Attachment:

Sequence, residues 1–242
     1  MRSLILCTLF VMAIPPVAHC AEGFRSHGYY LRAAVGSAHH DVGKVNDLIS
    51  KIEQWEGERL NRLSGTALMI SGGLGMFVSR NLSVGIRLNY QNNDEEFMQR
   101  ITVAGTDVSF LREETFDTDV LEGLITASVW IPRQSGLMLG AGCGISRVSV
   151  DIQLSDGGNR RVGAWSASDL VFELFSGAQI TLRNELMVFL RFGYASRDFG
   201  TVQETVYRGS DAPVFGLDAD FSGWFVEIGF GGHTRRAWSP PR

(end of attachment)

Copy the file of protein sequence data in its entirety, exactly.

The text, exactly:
Sequence, residues 1–242
     1  MRSLILCTLF VMAIPPVAHC AEGFRSHGYY LRAAVGSAHH DVGKVNDLIS
    51  KIEQWEGERL NRLSGTALMI SGGLGMFVSR NLSVGIRLNY QNNDEEFMQR
   101  ITVAGTDVSF LREETFDTDV LEGLITASVW IPRQSGLMLG AGCGISRVSV
   151  DIQLSDGGNR RVGAWSASDL VFELFSGAQI TLRNELMVFL RFGYASRDFG
   201  TVQETVYRGS DAPVFGLDAD FSGWFVEIGF GGHTRRAWSP PR